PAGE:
America’s spaceport turns 50 this year, and a wrenching middle-age transition is under way.
“I have a lot of facilities that we, NASA, no longer need,” said Robert Cabana, Kennedy’s director and a four-time space shuttle flier. “I don’t have the money to maintain them, I don’t have the money to tear them down. They’re just going to sit and rot.”
That is, unless NASA can find some tenants.
“We’re putting out the word officially and unofficially that Kennedy Space Center is open for business,” said Scott Colloredo, chief architect for ground systems here.
At the apex of the space shuttle program, some 18,000 people worked here. Now, just 7,500 do. On a recent Wednesday morning, parking lots across the vast complex sat two-thirds empty. Since 2009, Cabana has handed pink slips to 9,000 engineers, technicians and office workers.
“Do you know what that feels like?” Cabana asked as he stood inside one of Kennedy’s hangars. He looked up at the space shuttle Discovery, where three workers were crawling inside the engine compartment. In April, Discovery will make a final flight to Dulles International Airport. Retirement awaits it at the National Air and Space Museum’s Udvar-Hazy Center.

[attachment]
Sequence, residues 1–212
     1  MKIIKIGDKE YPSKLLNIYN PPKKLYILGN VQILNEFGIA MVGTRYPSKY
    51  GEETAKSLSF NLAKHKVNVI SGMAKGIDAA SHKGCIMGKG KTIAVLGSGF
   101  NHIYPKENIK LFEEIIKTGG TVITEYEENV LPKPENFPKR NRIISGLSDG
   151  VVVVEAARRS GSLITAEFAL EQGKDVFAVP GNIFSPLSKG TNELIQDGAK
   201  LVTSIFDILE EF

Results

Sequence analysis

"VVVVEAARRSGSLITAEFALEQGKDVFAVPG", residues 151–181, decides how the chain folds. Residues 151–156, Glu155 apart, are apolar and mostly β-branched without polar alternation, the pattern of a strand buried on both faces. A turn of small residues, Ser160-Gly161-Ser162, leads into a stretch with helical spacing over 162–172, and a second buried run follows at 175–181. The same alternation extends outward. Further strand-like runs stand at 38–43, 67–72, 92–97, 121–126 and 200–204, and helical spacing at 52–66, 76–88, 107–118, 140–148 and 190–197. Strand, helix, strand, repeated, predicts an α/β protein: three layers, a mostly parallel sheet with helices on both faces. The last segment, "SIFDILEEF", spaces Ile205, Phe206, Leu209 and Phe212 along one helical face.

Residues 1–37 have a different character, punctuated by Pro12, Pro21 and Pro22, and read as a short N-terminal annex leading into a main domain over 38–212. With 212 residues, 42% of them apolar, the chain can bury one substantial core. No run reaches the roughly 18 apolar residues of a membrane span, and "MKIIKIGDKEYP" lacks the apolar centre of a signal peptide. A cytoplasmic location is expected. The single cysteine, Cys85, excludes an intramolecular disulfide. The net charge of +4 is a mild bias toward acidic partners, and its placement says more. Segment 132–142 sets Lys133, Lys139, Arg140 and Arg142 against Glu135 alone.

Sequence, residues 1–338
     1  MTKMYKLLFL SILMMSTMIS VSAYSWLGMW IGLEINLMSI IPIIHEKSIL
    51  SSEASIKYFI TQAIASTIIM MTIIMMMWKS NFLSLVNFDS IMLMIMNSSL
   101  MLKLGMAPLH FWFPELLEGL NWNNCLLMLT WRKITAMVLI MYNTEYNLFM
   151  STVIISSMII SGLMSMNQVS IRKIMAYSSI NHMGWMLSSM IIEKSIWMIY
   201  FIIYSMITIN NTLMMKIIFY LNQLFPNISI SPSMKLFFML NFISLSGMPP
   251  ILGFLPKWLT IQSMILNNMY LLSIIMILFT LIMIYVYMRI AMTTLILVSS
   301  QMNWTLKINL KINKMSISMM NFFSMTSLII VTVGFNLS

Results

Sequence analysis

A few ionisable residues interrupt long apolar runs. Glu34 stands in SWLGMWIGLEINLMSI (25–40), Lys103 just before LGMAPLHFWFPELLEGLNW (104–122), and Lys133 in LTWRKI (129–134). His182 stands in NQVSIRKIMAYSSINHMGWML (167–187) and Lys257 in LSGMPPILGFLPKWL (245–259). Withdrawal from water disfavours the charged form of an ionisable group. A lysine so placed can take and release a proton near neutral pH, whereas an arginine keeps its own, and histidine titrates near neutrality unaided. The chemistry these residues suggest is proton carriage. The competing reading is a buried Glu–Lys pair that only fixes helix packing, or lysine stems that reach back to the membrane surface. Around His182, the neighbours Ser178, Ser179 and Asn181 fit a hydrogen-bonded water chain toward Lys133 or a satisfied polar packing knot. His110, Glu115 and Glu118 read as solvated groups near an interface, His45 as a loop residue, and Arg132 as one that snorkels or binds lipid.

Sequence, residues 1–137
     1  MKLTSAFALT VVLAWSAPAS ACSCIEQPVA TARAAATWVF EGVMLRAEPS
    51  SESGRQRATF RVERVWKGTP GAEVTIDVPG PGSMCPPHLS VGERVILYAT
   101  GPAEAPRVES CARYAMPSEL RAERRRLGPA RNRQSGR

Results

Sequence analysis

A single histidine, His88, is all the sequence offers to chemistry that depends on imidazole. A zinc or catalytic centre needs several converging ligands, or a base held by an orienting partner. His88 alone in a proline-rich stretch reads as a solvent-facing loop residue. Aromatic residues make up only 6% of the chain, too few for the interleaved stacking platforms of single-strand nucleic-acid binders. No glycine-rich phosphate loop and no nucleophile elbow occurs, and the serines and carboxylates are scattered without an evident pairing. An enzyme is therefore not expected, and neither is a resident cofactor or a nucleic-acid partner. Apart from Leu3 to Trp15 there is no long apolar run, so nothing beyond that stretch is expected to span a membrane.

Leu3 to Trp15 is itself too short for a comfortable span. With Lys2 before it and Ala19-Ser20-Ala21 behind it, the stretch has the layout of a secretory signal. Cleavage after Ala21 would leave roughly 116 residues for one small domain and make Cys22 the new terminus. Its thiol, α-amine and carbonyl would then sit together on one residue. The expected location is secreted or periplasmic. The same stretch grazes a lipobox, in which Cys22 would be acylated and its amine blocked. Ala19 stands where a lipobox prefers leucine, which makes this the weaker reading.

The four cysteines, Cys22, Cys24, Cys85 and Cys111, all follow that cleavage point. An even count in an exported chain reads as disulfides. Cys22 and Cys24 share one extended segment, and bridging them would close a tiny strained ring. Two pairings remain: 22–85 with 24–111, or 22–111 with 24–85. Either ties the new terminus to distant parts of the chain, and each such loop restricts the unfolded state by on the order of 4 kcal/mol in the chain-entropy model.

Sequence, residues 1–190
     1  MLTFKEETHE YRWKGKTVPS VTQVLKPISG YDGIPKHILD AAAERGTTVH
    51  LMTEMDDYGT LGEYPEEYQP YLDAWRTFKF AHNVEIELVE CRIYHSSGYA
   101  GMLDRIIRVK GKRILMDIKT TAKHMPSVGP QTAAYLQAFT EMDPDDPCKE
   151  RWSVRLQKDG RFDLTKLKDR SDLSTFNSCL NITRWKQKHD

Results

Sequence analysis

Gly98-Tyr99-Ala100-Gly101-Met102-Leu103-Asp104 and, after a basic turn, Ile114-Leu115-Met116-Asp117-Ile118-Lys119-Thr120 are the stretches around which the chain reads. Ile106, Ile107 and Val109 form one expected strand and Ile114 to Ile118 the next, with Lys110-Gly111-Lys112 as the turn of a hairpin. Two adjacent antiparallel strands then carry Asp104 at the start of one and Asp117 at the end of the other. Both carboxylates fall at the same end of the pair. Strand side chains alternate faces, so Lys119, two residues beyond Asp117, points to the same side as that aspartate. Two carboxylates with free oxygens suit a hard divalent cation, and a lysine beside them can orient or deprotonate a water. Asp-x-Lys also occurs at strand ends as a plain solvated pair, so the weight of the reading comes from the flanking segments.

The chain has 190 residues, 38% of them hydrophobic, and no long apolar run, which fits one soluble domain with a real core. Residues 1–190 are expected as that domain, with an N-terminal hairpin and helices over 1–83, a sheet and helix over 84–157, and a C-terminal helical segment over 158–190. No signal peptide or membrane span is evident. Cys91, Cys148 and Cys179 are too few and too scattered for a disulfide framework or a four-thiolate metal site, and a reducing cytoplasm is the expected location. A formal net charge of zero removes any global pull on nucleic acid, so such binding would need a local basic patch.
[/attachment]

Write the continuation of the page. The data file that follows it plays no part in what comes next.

Cabana outlined a vision for the spaceport’s future. Instead of serving a single customer — the enormous shuttle program — he foresees Kennedy launching rockets from NASA and from private companies now racing to build a new generation of crewed space vehicles.
But that vision depends on the rapid maturation of a commercial space industry. Critics say Congress has not delivered enough cash to support private development, and expected launch dates have already slipped.
In 2010, President Obama spoke here and vowed to seed a commercial space industry, to replace the canceled Constellation program to return Americans to the moon. With NASA money, American companies would build rockets and spaceships to travel to low Earth orbit. They would deliver astronauts and cargo to the international space station and, someday, to privately owned space stations.
For 2012, the Obama administration and NASA asked for $850 million to spread among American space companies. Congress provided less than half that, $406 million. “Congress hasn’t sufficiently funded it,” said Dale Ketcham, director of the Spaceport Research and Technology Institute at the University of Central Florida. “It’s an Obama idea so Republicans don’t like it.”
A top NASA advisor, Vice Admiral Joseph Dyer, said he felt “a sea change in energy” during a January meeting with NASA officials, a downturn in optimism regarding private space efforts. Dyer leads the Aerospace Safety Advisory Panel, which meets with NASA quarterly. “If the new [lower] funding level continues into the future, we believe the program is in jeopardy,” Dyer said.